WASHINGTON— United States Senator Bill Hagerty (R-TN), a member of the Senate Rules Committee, today delivered opening remarks at a hearing on the DISCLOSE Act, which would place additional constraints on Americans’ First Amendment rights.
Remarks as prepared for delivery:
Thank you, Chairwoman Klobuchar.
And thank you to all of the witnesses for joining us today.
I think we all share the goals of ensuring that our elections are transparent and fair. But these goals aren’t served by limiting Americans’ First Amendment rights, which is what the DISCLOSE Act would do.
First, this bill would require virtually any entity that engages in political speech, including non-profits, to publicly disclose the names and addresses of its significant contributors. This is a thinly veiled attempt to send the message that, if you support an organization that happens to support causes with which some disagree, you become a target for criticism, harassment, and intimidation—even if your support has nothing to do with the organization’s position on a certain issue. It would fuel new frontiers of cancel culture and personalization of politics.
This tactic is not new. In 1957, in unanimously striking down an attempt to compel the NAACP to disclose its members, the Supreme Court stated that government-compelled disclosure of group affiliation violates the First Amendment. The Court recognized the “vital relationship between freedom to associate and privacy in one’s associations.”
Just last year, the Supreme Court reaffirmed this principle by holding that California’s attempt to compel non-profits to disclose donor names and addresses was unconstitutional. Noting that advocacy groups from the ACLU to Americans for Prosperity opposed California’s compelled-disclosure requirement, the Court found that it chilled speech and created a real risk of threats, violence, and harassment.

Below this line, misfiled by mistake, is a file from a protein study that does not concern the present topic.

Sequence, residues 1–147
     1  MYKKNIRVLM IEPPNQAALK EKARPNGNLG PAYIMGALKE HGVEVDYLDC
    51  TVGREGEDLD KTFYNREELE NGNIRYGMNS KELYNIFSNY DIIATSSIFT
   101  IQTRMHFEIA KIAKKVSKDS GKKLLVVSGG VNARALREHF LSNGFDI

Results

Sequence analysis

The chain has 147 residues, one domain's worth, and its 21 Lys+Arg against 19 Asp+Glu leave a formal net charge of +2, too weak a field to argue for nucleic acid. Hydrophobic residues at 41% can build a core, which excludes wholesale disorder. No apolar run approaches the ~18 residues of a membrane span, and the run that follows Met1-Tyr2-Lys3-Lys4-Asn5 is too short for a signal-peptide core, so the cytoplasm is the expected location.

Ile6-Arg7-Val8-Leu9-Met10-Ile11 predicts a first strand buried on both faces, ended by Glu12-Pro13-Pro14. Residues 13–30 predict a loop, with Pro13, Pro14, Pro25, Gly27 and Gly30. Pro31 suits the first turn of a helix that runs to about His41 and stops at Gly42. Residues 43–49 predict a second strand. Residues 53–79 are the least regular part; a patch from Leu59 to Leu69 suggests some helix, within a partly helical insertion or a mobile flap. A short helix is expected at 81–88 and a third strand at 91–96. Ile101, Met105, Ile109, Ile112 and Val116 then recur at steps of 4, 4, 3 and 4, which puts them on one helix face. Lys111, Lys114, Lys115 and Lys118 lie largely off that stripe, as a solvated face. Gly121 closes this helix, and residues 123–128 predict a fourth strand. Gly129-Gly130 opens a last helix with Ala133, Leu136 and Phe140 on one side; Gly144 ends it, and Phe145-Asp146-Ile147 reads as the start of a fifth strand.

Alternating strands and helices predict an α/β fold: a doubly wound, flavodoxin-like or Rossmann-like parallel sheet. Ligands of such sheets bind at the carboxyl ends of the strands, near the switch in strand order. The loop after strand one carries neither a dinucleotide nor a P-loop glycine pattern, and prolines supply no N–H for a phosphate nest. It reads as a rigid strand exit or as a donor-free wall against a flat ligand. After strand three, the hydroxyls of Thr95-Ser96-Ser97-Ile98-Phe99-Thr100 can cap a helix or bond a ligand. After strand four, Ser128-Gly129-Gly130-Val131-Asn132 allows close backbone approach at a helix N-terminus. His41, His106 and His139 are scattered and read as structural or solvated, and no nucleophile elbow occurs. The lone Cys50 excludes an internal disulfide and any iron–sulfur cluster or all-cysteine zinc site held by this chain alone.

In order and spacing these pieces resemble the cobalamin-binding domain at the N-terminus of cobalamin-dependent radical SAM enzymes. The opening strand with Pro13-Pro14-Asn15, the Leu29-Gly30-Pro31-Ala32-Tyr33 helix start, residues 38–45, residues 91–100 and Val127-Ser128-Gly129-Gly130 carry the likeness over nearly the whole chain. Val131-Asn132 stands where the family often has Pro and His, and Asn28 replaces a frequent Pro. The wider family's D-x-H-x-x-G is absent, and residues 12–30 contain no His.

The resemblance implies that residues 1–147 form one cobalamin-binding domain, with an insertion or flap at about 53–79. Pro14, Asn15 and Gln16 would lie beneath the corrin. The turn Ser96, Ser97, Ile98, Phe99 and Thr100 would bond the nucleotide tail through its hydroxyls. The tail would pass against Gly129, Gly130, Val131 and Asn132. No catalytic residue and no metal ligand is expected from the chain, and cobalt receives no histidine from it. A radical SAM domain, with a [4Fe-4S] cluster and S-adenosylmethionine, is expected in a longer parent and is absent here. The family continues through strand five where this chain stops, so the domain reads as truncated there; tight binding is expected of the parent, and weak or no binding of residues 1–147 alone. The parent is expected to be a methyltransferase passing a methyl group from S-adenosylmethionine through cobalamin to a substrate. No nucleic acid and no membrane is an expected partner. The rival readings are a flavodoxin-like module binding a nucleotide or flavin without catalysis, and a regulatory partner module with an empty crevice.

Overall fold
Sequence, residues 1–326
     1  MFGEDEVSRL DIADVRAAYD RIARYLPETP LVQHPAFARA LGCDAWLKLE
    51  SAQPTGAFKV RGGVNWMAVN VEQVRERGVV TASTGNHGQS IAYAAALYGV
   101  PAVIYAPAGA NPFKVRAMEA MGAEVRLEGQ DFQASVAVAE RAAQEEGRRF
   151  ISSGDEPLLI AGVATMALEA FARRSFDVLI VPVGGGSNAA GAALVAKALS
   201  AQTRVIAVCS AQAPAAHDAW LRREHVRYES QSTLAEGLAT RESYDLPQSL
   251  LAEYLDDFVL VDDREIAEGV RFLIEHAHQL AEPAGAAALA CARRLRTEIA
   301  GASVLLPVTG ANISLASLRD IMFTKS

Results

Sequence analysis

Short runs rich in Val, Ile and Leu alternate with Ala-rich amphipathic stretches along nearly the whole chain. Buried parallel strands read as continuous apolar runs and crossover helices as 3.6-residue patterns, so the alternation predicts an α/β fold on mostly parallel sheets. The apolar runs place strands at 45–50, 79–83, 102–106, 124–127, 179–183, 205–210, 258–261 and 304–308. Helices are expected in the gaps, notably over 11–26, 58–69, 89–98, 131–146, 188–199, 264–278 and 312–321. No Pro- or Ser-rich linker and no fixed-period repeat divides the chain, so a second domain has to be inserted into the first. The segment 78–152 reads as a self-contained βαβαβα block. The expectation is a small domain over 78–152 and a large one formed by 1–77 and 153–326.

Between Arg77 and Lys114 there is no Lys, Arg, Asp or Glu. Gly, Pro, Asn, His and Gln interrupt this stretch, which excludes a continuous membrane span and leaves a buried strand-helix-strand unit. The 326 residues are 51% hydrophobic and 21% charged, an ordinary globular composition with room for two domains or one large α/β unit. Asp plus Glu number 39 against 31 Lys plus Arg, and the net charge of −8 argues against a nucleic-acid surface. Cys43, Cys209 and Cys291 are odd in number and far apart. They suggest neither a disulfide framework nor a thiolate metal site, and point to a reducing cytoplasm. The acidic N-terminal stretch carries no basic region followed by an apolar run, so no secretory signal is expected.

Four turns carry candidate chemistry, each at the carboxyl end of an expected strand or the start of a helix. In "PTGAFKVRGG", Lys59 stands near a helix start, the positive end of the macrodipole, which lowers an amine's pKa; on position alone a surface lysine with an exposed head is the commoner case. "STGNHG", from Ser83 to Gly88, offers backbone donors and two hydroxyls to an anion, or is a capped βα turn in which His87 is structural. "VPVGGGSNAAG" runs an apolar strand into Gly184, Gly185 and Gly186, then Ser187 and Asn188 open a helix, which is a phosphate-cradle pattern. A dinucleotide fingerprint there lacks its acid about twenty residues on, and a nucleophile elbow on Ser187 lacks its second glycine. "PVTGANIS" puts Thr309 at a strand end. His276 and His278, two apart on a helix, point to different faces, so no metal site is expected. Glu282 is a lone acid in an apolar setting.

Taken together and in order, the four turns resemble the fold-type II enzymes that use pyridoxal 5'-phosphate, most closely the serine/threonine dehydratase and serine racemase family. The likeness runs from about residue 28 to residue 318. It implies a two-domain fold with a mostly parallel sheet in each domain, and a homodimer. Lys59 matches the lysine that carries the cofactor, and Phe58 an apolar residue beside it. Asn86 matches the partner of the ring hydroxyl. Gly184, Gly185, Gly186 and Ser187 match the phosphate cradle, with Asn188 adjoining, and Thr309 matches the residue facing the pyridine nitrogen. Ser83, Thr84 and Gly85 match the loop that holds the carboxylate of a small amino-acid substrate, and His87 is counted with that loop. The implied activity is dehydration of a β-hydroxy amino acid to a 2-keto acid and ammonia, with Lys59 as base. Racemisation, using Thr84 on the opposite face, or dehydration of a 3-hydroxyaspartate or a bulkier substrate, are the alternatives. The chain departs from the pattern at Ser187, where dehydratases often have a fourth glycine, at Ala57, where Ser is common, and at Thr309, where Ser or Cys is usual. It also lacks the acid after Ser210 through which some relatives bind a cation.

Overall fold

In recent weeks, we’ve seen how personal information can be weaponized, with groups organizing protests at the homes of Supreme Court justices, and even their children’s schools. One group is even offering bounties to anyone who sights a Justice and reports it, so that protestors can swarm that location.
For those who choose to engage in political advocacy, the DISCLOSE Act would open the floodgates to this sort of dangerous behavior.
It would require a choice between silence and harassment, and as a result, many would choose not to speak.
The First Amendment is expressly intended to prevent this sort of silencing.
The bill also creates new, unworkable, and subjective constraints on speech.
It would subject virtually any communication—by virtually any entity—that even mentions a candidate or public official, to FEC regulations and donor-disclosure requirements.
This legislation would also require speakers to declare whether communications that simply mention a federal official are made in support or opposition to the official, even if the communication is not made in support or opposition to that official. This would force inaccurate and unconstitutional declarations of allegiance.
The bill also includes oppressive new disclosure requirements in order to communicate. These include requiring non-profit entities and other groups to name in each political communication their top donors and how much money each donated to the organization. And unbelievably, it requires showing a full-screen image of the person who leads the entity that is making the communication.
All of this would infringe upon and discourage free speech. As a 2021 op-ed from two ACLU lawyers put it, “We know from history that people engaged in politically charged issues become political targets and are often subject to threats of harassment or even violence.”
The First Amendment is based on the principle that the remedy for speech with which you disagree is more speech, not forced silence. Our Constitution creates a free market of ideas—if you disagree with someone’s views, the remedy is to express your own views, not to silence theirs.
Because the DISCLOSE Act promotes intimidation, rather than free speech, I cannot support this legislation.
I look forward to hearing the testimony from the witnesses joining us today.
Thank you, Chairwoman Klobuchar.